I: Communicating in some way, shape, or form at least once a day. I feel rather distressed if I don’t hear from you for a while.

Are there certain topics you always cover?

P: I send her a message in the morning when I wake up, and I always have my plan for the day. I ask her what her plan for the day is.

How do you resolve arguments when/if you have them?

P: I don’t think we have had any. We have nothing to argue about. We’re both happy.

 

How long do you expect to be in a LDR?

P: Until she’s done college this semester. Then it’s a close-distance relationship because she’s home for the summer. And then it gets farther away, because I’m leaving for college.

I: I may have started mapping out a train and bus route to your college.

 

What do you like about being in a LDR?

P: It makes seeing each other a lot more fun. It’s like pent up energy from when you were apart all gets focused to that time. I might be apart later in life from someone, and it’s good to know that you can handle it.

I: The only plus that I can think of is that we’re forced to give each other space. No clinginess.

 

What don’t you like?

P: Separation. It’d be nice to see her whenever I wanted. I’m not worried about her doing anything; I trust her. The only problem is the separation.

I: Sometimes I feel a bit like we’re growing apart, which is why I’m really happy that this semester will be more flexible in terms of visits.

 

What would you change about your LDR?

P: I guess Skyping more often. It’s nice to see her, even though I’m not there.

I: I wish it weren’t such a hassle to see each other because we see each other rather infrequently considering how close we are.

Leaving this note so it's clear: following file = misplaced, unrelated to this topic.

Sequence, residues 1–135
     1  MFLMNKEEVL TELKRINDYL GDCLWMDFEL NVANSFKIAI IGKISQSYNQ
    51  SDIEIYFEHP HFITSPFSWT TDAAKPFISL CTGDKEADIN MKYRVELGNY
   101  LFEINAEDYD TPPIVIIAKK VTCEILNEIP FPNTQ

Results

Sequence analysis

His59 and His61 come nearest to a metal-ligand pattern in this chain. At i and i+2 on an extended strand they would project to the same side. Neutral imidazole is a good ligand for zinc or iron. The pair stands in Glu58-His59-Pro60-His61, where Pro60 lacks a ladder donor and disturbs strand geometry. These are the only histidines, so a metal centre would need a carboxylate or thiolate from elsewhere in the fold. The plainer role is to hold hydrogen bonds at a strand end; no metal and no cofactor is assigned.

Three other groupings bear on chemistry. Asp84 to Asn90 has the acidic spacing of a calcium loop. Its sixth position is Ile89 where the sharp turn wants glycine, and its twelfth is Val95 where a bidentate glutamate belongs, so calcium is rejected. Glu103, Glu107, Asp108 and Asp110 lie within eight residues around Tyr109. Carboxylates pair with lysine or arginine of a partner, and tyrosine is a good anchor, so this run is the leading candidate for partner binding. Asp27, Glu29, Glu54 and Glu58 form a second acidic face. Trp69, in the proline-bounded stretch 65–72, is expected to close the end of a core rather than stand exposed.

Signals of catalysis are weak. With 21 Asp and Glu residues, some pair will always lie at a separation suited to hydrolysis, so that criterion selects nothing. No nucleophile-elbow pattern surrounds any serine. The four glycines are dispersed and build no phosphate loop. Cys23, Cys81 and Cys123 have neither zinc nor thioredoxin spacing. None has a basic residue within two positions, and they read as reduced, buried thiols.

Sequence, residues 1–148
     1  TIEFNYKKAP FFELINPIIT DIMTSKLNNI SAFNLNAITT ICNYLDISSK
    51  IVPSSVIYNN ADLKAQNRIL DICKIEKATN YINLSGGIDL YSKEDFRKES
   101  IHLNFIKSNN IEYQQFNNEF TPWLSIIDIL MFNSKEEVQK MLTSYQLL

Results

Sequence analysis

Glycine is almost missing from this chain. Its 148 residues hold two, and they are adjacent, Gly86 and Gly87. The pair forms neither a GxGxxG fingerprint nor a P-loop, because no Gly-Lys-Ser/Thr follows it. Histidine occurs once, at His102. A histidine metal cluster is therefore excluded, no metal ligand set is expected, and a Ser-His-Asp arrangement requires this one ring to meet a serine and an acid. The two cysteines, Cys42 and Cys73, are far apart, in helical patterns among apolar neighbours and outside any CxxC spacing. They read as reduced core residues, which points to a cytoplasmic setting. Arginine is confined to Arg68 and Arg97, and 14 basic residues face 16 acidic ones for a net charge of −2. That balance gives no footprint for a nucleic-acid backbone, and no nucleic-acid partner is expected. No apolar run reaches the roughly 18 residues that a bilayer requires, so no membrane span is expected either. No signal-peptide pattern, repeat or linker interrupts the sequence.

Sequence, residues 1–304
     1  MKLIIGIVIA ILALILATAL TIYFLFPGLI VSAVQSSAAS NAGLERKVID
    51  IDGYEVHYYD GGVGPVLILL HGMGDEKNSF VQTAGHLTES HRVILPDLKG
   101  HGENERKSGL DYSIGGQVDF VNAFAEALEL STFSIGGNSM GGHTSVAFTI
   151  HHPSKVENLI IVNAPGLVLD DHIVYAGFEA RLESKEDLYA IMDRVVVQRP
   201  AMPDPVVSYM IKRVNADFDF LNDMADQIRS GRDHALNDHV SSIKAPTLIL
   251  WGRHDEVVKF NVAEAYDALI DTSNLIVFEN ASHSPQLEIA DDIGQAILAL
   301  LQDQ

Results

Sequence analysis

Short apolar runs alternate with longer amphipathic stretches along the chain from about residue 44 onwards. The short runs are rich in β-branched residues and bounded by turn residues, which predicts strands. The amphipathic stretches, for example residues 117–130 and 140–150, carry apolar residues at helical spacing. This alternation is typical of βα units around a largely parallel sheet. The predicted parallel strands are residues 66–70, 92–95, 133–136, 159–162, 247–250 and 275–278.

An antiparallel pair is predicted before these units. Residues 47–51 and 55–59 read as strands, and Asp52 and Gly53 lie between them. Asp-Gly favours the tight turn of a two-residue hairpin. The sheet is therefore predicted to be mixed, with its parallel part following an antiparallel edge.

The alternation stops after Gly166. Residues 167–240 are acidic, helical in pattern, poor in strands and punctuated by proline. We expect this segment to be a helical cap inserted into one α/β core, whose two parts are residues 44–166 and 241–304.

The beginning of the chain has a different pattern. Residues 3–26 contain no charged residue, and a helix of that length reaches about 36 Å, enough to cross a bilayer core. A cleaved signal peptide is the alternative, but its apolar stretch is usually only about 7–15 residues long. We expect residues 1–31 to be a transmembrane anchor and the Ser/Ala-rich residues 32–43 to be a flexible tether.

What advice would you give to a couple just beginning a LDR?

P: If you want it to work, you can make it work. Send letters because it’s always nice to find something in the mail from the person you’re missing. Talk about the little things in your day, because even though you think they don’t care, they might be interested in what you had for breakfast. I always ask Iris what she had for dinner because she has the fourth best dining hall in the country. Tonight it was taco bar; it was the fourth best taco bar she’d ever had.

I: Sometimes it’ll be rough or frustrating because you don’t get to see someone you care about for extended periods of time, but sticking it out is worth it, especially for someone like you, Peter.

 

Thank you to Peter and Iris! And look forward to more interviews in the future!

Melinda Clemmer
Melinda traveled short distances with her family but took her first big trip to Europe, as a student ambassador, when she was 13. The sights, sounds, and smells enchanted her, and soon she traveled to Buenos Aires, Argentina for a university Spanish immersion program. Since then she has lived in Pennsylvania, Delaware, New York, California, and Texas and sees every new challenge as a great future story. When not traveling, Melinda’s craving for good stories and amazing travel is satisfied by reading writers’ contributions as Wanderful’s Managing Editor.